Saturday, July 30, 2005

Book review--A Pretext For War

A fascinating exploration into some of the darkest corners of our government, James Bamford's A Pretext For War outlines how our intelligence agencies failed (and are continuing to fail) us in our efforts to know just what the hell is going on around the globe. Bamford provides three things in Pretext: 1) an insider's (many insiders, actually) account of how both the NSA and the CIA are completely bereft of useful strategies to fight terrorism--in fact, Bamford's book calls their entire post-Cold War existence into question; 2) a narrative of how, and more importantly why, Osama bin Laden and al Qaeda formed a coherent plan to attack the US on 9/11; and 3) an indictment of the Bush Administration's usage of the virtually inept NSA and CIA to provide the evidence necessary to convince our country that Iraq should be attacked.
These three stories are interwoven so as to make it clear that our intelligence agencies have been out of any loops for far longer than just January 20, 2001. "Ah ha!", I hear the Smirkyslaves say, "It's all Clinton's fault. I knew it because Rush told me so!" Unfortunately for those morons, Bamford goes even further. Just because Bamford's narratives begin in the mid-1990s, he traces the origins of the NSA/CIA sudden uselessness back to the fall of the Soviet Union, which neither agency foresaw. Both of the agencies were formed to fight statist foes, and with the rise of stateless terrorism as a new enemy, neither have been institutionally capable of switching gears to address them. Bamford describes the two floundering and complacent agencies as being filled with both operational cowardice and bureaucratic short-sightedness, and makes the point that neither agency can be trusted any longer. That Bush did so in such a dramatic and deceitful manner shows him and his cronies to be either self-deluded fools or disingenuous liars. Take your pick, Smirkyslaves . . .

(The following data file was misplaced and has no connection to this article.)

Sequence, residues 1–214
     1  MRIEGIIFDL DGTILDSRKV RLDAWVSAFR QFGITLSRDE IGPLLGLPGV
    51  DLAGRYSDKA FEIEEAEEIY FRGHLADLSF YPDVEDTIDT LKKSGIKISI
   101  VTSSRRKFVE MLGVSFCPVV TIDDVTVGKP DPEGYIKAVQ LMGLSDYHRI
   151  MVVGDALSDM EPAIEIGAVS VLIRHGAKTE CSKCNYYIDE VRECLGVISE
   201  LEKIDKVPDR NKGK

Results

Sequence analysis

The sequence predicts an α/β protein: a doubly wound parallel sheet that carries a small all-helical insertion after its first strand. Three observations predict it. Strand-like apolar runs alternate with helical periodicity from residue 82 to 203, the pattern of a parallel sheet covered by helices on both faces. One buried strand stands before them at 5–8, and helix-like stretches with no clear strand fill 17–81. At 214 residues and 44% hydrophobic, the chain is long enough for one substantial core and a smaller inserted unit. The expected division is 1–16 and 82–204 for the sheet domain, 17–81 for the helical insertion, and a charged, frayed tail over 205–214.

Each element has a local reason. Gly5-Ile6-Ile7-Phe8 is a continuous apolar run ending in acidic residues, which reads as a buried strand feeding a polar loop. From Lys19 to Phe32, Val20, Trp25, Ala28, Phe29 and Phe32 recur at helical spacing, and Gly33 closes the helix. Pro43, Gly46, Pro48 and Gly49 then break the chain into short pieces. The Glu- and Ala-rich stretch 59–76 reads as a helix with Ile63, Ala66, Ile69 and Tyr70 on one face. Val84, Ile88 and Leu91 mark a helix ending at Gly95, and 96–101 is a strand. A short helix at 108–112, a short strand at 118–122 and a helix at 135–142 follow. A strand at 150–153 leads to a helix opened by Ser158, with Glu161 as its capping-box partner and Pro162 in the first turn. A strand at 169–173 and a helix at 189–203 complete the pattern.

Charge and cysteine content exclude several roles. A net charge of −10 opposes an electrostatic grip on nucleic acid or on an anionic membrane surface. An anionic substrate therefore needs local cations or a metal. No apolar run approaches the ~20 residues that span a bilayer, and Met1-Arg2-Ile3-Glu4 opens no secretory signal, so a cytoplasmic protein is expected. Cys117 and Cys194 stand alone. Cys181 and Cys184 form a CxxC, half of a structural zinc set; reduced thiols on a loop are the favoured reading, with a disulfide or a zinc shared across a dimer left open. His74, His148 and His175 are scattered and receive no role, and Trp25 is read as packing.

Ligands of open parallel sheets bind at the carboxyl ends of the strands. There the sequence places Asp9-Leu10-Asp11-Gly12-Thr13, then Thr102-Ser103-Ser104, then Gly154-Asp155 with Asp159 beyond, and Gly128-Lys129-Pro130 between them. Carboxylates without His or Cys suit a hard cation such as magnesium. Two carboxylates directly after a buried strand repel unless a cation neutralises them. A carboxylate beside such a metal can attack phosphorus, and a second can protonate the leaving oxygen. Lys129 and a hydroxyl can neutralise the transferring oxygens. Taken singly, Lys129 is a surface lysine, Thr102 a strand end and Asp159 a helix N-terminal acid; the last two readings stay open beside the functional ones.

Bamford's book relies heavily on anonymous sources--for obvious reasons--and it is here that one can find problems of historicity. We can't really prove or disprove what's being said here, unfortunately. Until documents from the period become available, if ever, or Bamford's witnesses come forward, we'll never know for sure that his stories are accurate. Given that, though, Bamford has woven an internally consistent and logical argument. The proof lies in the narrative that opens the book--a grisly description of what happened inside the Two Towers on 9/11. If the NSA, CIA, and to a lesser extent, the FBI, had been doing their jobs properly, is it possible that known terrorists could have lived under our noses for so long and so boldly openly to effect such an attack? In this case, I would agree with Bamford in saying, "I doubt it."


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